The DOL continues with its sensitivity to the challenges created for 403(b) plan sponsors in the transition to an employer accountable world. In today’s release of the final 408(b)(2) regs, the DOL provided tremendously needed relief for 403(b)plans. The language from the preamble speaks for itself:

The Department was persuaded by commenters on the interim final

Freedom and liberty are not merely themes sounded by politicians in political campaigns, or in rousing marches by military bands (though I am personally  particularly fond of them!), nor are they ideas which you will typically see being discussed in a piece about retirement issues. But they are themes woven into the fabric of our

Important Update. On June 21, IRS announced the extension of the 8955-SSA deadline to January 17, 2011, for which no Form 58 extension will need to be filed. The announcement is here

The challenges continue for 403(b) plans, as the IRS and DOL continue to implement their plan level rules in the 403(b) space.

I would think that it is a basic law of physics that, whenever you attempt to apply a number of different and complicated principles to a single object, that the consequences on that object will be hard to predict, or even readily ascertained.

So it is with a potential impact 408(b)(2) may have on many

Working through the technical terms of 408(b)(2) is not much different than putting together a picture puzzle. There are a lot of pieces which fit together in some very precise ways. But, in the end, the disclosures which are required are pretty straightforward and-even given the work needed to describe certain ”wrapped” services and estimating their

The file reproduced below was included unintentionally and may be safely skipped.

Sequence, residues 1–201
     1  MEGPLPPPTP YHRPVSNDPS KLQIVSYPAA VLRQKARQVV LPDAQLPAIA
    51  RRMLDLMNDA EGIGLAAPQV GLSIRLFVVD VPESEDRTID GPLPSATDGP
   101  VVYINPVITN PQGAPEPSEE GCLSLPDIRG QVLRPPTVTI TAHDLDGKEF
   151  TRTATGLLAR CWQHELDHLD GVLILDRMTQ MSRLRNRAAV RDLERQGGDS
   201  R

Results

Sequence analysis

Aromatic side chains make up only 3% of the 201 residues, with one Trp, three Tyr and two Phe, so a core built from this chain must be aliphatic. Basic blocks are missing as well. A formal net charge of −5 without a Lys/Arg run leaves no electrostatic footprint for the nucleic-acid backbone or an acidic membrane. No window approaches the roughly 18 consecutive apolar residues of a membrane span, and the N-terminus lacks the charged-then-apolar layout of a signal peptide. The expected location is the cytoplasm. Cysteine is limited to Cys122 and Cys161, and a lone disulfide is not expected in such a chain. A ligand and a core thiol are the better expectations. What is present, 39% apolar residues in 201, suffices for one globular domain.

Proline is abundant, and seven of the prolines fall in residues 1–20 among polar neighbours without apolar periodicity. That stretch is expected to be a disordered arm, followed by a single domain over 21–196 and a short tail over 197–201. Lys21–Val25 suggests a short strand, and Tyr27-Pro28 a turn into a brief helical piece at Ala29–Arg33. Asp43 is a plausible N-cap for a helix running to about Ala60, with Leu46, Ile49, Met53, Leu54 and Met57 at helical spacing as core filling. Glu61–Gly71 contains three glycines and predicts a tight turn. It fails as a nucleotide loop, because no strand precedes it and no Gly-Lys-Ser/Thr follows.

The DOL’s newly delayed 408(b)(2) regs are particularly striking in that they demonstrate a growing sophistication, and efficiency, on the part of the EBSA staff in its approach to retirement plan financial products and services. The regs are short, by almost any measure of federal regulations, yet they are packed with meaningful rules which will apply in different ways to different product and services.  

The marketplace is a fast moving one, with complex instruments and services being used in new and unusual ways. Keeping up with this whirlwind is a challenge for the industry and employers, let alone a government regulatory agency which must somehow craft rules which have broad application to ever-shifting, complex and unanticipated circumstances.  Though not always successful, the DOL is approaching its learning curves impressively-including the way in which continues to seek to know and understand what it does not.

A prime example of this is the manner in which the 408b2 rules apply to variable investment accounts within the annuity contracts used to fund 403(b), 401(k) and other 401(a) plans. What is fascinating is that the word "annuity" only shows up with regard to IRAs;  the words "individual," "group," "variable," "fixed," "registered," or "non-registered"-all of which are descriptors of a variety of different sorts of annuity contracts- never show up; and the word "insurance" only appears once. Yet, it provides clear guidance on how these investment products are to be regulated. 

Lets take a quick look at the way the rules apply differently to registered variable annuity separate accounts (lets call these "Type 1" for purposes of this blog) typically used in the 403(b) market, and the way they apply to non-registered variable annuity separate accounts (which I’ll call "Type 2") typically used in 401(k) plans.

This, by the way, is important for plan sponsors to know because they have to sort out whether they are receiving the disclosures they need, and report it to the DOL if they are not.



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